A former Liverpool star and budding managerial talent has gone one better than his friend Mikel Arteta, cementing his place on the Jürgen Klopp heir shortlist.
From the moment he dived into management, starting out as a youth coach at Real Madrid, moving onto Real Sociedad’s B team and now at Bayer Leverkusen, it was clear Liverpool fans were always going to keep a close eye on Xabi Alonso’s development. Especially since even though Jürgen Klopp’s contract is until 2026, time flies in football, and that time will be up in the blink of an eye.
Alonso has always been touted as someone who would be suited to the role of manager, even before his playing days ended. Having been coached by some of the best in the game including Rafael Benítez, Carlo Ancelotti and Pep Guardiola, he pretty much got the perfect education.
While working on his coaching badges Alonso worked alongside promising up-and-coming Spanish managers like Mikel Arteta — his close long-time friend — and another former Liverpool player in Albert Riera, who have both gone on to do well in management, albeit at very different levels for the time being. Alonso seems to be following suit.
At Leverkusen he has already shown promising signs, rescuing the team from an awful start to the season in which it looked to be in a relegation battle. Now, it looks like a European contender in the Bundesliga, while playing an attractive brand of attacking football and using plenty of young players, helping them to develop and grow.
The latest statement of his managerial prowess came in the Europa League round of 16. Where many managers — even ones as promising as Arteta — failed to guide their team into the quarter final on Thursday night, Alonso did it with ease.
Ferencváros may not have been the ‘biggest’ or most challenging opponent for Alonso’s Leverkusen, but the Hungarians had topped their group in the Europa League, finishing above AS Monaco among others, and therefore posed something of a threat for an upset.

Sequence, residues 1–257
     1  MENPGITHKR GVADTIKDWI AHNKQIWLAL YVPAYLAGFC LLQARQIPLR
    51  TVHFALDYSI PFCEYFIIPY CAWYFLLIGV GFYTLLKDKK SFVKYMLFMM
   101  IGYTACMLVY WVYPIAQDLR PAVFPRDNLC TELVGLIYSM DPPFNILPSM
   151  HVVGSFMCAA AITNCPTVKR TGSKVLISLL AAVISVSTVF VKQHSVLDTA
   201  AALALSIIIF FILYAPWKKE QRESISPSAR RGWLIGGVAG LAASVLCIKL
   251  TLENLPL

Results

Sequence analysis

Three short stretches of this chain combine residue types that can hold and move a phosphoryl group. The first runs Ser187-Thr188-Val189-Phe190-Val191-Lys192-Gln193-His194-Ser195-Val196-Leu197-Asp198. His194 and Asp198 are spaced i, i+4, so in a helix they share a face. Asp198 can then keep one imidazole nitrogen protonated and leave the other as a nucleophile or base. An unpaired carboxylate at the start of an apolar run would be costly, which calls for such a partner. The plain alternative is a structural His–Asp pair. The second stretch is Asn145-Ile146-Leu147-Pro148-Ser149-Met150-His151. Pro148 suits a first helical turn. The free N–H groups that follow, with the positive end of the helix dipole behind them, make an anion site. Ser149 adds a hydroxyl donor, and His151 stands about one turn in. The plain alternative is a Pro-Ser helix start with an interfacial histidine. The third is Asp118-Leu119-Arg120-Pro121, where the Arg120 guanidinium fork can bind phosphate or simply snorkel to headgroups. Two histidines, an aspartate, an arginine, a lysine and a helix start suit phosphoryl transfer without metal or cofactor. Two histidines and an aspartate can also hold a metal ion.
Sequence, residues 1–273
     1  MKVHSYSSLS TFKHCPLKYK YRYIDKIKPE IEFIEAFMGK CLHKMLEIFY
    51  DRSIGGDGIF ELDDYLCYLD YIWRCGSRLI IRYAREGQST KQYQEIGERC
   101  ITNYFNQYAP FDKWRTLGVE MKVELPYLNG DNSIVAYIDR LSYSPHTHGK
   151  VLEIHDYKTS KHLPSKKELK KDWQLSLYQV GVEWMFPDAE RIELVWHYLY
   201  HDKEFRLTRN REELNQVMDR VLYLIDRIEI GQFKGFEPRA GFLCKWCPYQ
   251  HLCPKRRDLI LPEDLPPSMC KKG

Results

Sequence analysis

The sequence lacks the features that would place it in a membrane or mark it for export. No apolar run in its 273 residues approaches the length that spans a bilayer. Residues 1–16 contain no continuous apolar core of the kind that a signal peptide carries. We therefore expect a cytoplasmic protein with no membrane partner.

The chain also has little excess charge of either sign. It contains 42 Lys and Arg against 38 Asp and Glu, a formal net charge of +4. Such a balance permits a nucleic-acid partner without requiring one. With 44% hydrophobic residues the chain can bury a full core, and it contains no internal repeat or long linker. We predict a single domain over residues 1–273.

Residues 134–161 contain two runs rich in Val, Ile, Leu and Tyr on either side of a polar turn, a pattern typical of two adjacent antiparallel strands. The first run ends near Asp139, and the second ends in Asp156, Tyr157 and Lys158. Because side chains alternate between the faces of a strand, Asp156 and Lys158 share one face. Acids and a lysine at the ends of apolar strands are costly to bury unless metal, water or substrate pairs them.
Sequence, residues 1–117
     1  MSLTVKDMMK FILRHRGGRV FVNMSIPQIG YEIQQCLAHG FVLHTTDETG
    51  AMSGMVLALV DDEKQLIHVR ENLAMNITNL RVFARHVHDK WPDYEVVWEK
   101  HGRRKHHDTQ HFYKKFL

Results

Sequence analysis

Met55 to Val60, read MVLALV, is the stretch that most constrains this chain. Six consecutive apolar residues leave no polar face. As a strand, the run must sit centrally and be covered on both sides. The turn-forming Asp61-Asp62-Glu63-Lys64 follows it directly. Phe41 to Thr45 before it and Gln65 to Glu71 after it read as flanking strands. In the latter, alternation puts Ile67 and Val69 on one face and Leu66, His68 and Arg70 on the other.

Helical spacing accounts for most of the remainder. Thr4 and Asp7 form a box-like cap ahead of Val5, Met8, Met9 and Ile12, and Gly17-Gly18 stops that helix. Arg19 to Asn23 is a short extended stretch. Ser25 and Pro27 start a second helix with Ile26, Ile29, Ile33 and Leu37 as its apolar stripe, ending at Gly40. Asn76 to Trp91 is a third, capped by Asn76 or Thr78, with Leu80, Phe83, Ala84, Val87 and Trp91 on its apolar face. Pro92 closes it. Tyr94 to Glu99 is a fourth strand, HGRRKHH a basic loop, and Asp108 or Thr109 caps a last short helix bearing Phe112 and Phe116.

But in the end Alonso’s side breezed past them, pulling off comfortable back-to-back 2-0 victories, with the latter away from home in the Puskás Arena, which will host the final of the Europa League this season.
Whether Alonso’s Leverkusen will make a return trip to the capital of Hungary at the end of the season remains to be seen, but the way he has embarked on his managerial career at Leverkusen is certainly promising.
His brand of attacking football is a combination of all his previous managers, with his own unique style emerging too. It includes the possession-based football of Guardiola, the defensive discipline of Ancelotti and the high-intensity pressing inspired by Klopp’s gegenpressing, which makes him an intriguing young manager.
As mentioned above, Klopp’s time at Anfield is certainly nearing its last cycle. It is unclear whether he will extend beyond his current contract, set to expire in three years’ time, and by then Alonso could well be a strong candidate to take over his position.
With three years of experience at a top level under his belt at that point, at least theoretically, Alonso will be more than ready for the step up if he continues with the same success he has started with at Bayer Leverkusen so far.
For now, he is going to be someone Liverpool should be keeping a close eye on, and it seems like the Reds will be able to assess him even more in Europe. The next step will be Union SG, giving Alonso a very good chance of making the semi-final of the competition, and then it will be either Feyenoord or AS Roma in the semi-finals, which gives his Leverkusen side a very favorable route back to Budapest — having avoided the likes of Juventus and Manchester United on the other side of the draw.